The Senegalese Minister of Economy,Amadou Hott has recently urged the global food industry not to eliminate the trade of Russian and Ukrainian food products as the food crisis has increased drastically in somevulnerable countries, at the G-20 (an intergovernmental forum comprising 19 countries and the European Union (EU)meeting of financial leaders in Bali that happened last week.
Due to the war, countries like US and parts of European Union had allowed the trades of Russian goods in the economy. But then again, food sectors have taken precautionary measures to avoid these trades for self-protection.
The buying of fertilizers and food from Russia and Ukraine selectively has raised so many safety concerns whether it is doubtfully a successful measure to stabilise the market. Even though the citizens of Africa are not responsible for creating the crises, they are the ones to unfortunately suffer it.
Discussions of crises like food security, rising food prices, food inflation; meaning increase in prices and fall in the purchasing value of money of food products and shortages were carried out in the G-20 meeting of last week as the pandemic and Ukraine war disrupted food supply chains all around the world. Arguably, even though these issues revealed themselves before the war, Russia and Ukraine, still are the biggest exporters of wheat. The war has made the condition worse for consumers in Africa and Middle east.
The problem is acute for African countries, which make up one-third of those suffering from malnutrition globally, Hott added.
Hott gave importance to the fact that African countries has taken a more severe impact to this issue, as they comprise for one-third of the crises of malnutrition in the world. They also had a scarcity of about 2 million tonnes of fertilizer this current year which amounts to 11 billion dollars of loss in food production.
‘Amid intense competition for food, and key inputs like fertilizer, there is a risk that supplies may be diverted away from poorer countries to richer ones, repeating the experience for Covid-19 vaccines’ he stated.
Adding on, this would only make the government expend more money to purchase food supplies and support populations when the interest rates are going up, which would make it a more difficult time to deal with.
This was supported by Ngozi Okonjo-Iweala, the director-general of World Trade Organisation stating that this inadequate supply of food will lead to poorer countries also in desperate hard times, highlighting the risk that in the rush of the competition to get food and fertilizers, it could be possible that supplies may be diverted more to richer countries compared to poorer countries for availability, just like what happened with covid-19 vaccines. She urged the nations to work together to resolve the issues rather than being aggressive with each other.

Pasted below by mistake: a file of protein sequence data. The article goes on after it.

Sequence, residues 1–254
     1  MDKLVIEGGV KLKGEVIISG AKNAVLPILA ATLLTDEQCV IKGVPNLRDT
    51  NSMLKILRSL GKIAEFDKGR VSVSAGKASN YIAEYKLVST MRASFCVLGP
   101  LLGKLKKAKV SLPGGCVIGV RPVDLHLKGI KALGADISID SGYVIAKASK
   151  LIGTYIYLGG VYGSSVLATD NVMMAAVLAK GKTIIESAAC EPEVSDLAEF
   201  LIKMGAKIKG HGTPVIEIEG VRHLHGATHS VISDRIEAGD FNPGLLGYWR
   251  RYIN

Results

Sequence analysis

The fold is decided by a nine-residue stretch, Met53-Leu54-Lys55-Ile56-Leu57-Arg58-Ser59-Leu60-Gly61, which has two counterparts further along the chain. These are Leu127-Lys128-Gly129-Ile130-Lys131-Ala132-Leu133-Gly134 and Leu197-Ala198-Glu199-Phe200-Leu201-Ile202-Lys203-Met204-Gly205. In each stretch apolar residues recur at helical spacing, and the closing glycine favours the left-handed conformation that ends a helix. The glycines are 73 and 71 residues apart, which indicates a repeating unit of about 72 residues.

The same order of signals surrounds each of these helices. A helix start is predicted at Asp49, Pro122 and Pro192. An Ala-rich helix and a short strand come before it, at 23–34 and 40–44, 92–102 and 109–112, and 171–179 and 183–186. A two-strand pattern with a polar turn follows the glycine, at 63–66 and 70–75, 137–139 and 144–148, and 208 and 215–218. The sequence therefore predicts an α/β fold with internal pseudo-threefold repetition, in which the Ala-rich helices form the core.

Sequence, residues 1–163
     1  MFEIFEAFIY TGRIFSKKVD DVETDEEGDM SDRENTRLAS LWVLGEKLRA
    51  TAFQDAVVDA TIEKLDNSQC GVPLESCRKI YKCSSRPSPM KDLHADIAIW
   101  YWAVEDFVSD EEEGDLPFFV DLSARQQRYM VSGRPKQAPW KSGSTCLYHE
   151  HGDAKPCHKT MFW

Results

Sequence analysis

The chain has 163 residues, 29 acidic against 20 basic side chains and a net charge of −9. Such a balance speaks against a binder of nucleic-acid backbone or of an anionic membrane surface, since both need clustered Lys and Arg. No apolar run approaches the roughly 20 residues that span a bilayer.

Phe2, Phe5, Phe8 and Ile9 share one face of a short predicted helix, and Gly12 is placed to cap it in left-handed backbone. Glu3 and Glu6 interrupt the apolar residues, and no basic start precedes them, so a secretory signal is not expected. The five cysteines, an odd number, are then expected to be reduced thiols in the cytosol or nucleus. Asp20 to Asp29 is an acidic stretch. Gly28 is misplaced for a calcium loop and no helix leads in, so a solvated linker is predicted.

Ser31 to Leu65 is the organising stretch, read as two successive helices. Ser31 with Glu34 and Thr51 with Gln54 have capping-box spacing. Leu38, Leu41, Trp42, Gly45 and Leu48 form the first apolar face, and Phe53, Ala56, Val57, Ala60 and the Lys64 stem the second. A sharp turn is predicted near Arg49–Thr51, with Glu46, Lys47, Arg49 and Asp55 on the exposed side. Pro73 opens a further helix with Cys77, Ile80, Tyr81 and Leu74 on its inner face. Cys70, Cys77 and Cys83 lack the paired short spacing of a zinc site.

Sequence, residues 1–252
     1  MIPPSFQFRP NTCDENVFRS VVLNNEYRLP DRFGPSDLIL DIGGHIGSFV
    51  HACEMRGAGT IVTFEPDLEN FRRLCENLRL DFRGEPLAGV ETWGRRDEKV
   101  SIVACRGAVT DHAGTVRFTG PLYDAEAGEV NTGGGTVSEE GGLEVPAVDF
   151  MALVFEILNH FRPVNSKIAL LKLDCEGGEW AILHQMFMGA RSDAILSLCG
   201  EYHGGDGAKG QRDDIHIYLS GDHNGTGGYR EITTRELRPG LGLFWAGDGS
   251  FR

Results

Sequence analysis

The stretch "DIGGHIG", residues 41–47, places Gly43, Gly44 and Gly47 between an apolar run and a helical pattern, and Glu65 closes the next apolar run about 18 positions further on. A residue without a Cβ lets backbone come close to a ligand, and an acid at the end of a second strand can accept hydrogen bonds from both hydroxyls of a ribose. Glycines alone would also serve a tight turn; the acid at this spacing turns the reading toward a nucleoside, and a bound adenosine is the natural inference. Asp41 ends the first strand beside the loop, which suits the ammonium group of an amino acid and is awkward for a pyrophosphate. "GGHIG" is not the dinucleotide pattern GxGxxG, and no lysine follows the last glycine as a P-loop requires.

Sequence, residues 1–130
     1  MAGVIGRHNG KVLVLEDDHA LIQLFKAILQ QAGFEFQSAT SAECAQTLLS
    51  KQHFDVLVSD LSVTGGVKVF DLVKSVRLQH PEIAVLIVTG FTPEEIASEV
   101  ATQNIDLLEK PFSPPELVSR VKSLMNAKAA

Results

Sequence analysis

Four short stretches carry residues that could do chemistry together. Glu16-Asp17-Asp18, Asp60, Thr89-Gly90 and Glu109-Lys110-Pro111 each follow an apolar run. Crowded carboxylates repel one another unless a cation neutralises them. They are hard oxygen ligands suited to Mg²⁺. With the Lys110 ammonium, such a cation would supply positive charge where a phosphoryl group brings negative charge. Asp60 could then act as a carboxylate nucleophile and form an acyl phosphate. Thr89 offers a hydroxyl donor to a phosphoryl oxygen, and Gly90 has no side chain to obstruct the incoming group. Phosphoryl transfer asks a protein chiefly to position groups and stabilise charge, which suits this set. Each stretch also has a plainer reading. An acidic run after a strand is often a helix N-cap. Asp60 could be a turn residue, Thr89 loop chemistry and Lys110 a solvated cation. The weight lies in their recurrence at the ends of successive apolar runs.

In the same discussion, Janet Yellen, the US Treasury Secretary stated that G-20 muset set an example to be followed by countries and make it a point to avoid actions like piling food stocks and supplies and imposing restrictions on export, which will only worsen the issue by disrupting the markets and increase prices.
Statistically, Food and Agriculture Organisation (FAO) director-general Qu Dongyu said the FAO’s food price index has reached an all-time high and recommended a four-point plan including more investments in the most severely affected countries. Kristalina Georgieva, managing director of the International Monetary Fund stated: “We need to employ all our capacity against trade restrictions, raise our collective voice that it is not only immoral but harmful if food doesn’t get to where it must…. we want to see the international supply of food increase including negotiations to get the grains out of Ukraine to where it is needed, and we need to support food production, storage, and distribution.”
Georgieva, FAO’s Qu, WTO’s(World Trade organisation) Okonjo-Iweala, as well as World Bank Group president David Malpass and World Food Programme executive director David Beasley, issued a joint statement to resolve the food crises, mentioning that by June 2022, the food crises had affected people so much that they are denied access to food in short term, which has now directly affected their livelihoods. Georgieva also warned the global community that it wasn’t just the fault of the pandemic and the war, but also climate change, which has contributed to the food crises over time, which will also require to be paid attention to and resolved.